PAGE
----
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A Flying Start

Improving Initial Teacher Preparation Systems

image of A Flying Start

Addressing teacher education in all its complexity is fundamental to ensuring that all students reach their potential in today’s increasingly diverse classrooms and rapidly changing environment. This report provides insight into key features of selected teacher preparation systems by analysing the information collected in the OECD Initial Teacher Preparation (ITP) study. The ITP study investigated the policy environments of the first phase of continuous teacher learning in seven countries to identify challenges, strengths and innovations: Australia, Japan, Korea, the Netherlands, Norway, the United States and Wales (United Kingdom).

A Flying Start: Improving Initial Teacher Preparation Systems describes the challenges of designing and sustaining initial teacher preparation systems and proposes strategies for different levels of the system (policy, teacher education institutions and schools), based on both international evidence and practices identified in the study. The report can therefore act as a resource for policy makers, teacher educators, educational leaders, teachers and the research community.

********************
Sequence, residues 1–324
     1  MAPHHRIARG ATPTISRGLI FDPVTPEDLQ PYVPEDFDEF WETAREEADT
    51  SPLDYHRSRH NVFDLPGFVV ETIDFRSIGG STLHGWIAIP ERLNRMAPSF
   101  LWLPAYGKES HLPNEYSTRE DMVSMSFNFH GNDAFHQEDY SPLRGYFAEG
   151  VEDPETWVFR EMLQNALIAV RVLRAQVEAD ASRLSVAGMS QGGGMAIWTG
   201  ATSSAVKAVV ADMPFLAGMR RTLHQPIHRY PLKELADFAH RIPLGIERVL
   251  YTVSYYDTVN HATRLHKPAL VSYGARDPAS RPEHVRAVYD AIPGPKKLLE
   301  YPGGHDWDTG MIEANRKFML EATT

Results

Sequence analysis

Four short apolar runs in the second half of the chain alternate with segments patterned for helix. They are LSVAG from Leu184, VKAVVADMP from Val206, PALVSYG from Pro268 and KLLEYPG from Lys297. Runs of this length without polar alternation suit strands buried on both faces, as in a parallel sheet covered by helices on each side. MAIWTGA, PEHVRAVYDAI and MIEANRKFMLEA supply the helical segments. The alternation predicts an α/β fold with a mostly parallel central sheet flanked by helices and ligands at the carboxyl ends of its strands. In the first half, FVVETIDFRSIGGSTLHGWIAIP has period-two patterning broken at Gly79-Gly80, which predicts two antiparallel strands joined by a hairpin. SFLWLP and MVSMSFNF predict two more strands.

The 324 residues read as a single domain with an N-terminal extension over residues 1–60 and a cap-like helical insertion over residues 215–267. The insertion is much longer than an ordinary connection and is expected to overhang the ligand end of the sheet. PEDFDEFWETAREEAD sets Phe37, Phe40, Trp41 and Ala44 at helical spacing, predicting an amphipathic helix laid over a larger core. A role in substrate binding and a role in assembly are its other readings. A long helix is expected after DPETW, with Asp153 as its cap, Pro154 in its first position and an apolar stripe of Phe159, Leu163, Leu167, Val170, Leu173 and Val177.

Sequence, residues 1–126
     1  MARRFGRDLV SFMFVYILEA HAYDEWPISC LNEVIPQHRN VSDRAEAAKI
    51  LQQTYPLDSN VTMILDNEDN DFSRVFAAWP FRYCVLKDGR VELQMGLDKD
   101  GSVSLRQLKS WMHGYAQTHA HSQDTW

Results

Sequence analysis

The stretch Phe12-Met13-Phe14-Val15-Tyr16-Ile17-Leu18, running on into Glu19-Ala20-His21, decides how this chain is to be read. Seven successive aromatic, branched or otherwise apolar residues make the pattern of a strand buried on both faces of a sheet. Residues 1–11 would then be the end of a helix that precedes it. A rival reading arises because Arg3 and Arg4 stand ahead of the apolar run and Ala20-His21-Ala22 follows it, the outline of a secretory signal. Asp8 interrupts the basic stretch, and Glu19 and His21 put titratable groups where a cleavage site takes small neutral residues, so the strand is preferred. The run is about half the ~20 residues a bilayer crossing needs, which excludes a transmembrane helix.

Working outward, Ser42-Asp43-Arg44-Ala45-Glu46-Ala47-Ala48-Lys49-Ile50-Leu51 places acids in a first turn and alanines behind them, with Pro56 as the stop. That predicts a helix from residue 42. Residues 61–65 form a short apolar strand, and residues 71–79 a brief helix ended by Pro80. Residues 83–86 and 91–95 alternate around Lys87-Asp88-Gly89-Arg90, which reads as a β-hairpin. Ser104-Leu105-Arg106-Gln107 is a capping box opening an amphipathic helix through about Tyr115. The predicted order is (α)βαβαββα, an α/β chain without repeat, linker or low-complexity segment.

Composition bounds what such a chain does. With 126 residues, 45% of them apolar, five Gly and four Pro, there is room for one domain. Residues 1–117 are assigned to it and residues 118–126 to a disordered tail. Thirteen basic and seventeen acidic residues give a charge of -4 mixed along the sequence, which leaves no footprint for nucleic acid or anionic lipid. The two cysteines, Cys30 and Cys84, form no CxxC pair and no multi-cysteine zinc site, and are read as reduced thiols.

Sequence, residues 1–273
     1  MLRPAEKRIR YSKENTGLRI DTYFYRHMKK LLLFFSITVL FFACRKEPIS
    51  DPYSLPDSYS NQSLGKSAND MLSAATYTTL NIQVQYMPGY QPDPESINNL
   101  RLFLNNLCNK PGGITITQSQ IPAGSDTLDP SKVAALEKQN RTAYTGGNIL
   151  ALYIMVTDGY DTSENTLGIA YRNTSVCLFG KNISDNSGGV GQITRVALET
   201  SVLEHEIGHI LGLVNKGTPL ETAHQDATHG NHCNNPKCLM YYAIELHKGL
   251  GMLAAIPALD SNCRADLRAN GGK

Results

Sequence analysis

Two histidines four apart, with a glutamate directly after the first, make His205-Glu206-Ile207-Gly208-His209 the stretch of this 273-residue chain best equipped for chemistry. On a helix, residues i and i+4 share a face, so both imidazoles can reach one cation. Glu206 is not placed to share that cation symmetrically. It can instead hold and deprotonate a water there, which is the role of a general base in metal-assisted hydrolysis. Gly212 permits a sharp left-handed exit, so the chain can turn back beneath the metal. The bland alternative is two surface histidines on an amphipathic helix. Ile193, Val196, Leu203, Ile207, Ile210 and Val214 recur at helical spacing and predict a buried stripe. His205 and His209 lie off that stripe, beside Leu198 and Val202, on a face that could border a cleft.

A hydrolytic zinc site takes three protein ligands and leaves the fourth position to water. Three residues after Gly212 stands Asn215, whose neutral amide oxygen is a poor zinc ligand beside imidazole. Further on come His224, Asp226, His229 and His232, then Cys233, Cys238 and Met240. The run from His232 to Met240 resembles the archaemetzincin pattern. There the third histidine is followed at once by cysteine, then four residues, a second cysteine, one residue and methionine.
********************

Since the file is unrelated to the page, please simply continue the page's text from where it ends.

English

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How can we provide integrated early professional development for new teachers?

This chapter discusses the challenges countries are facing in providing a coherent support and early professional development system for new teachers. These revolve around three key aspects: overcoming the theory–practice divide, providing support to beginning teachers tailored around their specific needs, and ensuring a smooth transition from initial teacher education (ITE) to school practice by recognising induction and post-induction periods as critical in becoming professionals. The chapter then proposes some specific strategies including strengthening practical experience in engaging in critical reflection and evaluation of teaching, ensuring effective mentoring schemes with competent mentors, and securing continuity in professional support throughout the early career years. Finally, the last section suggests specific strategies for policy makers, teacher education institutions, and schools and teachers.

English

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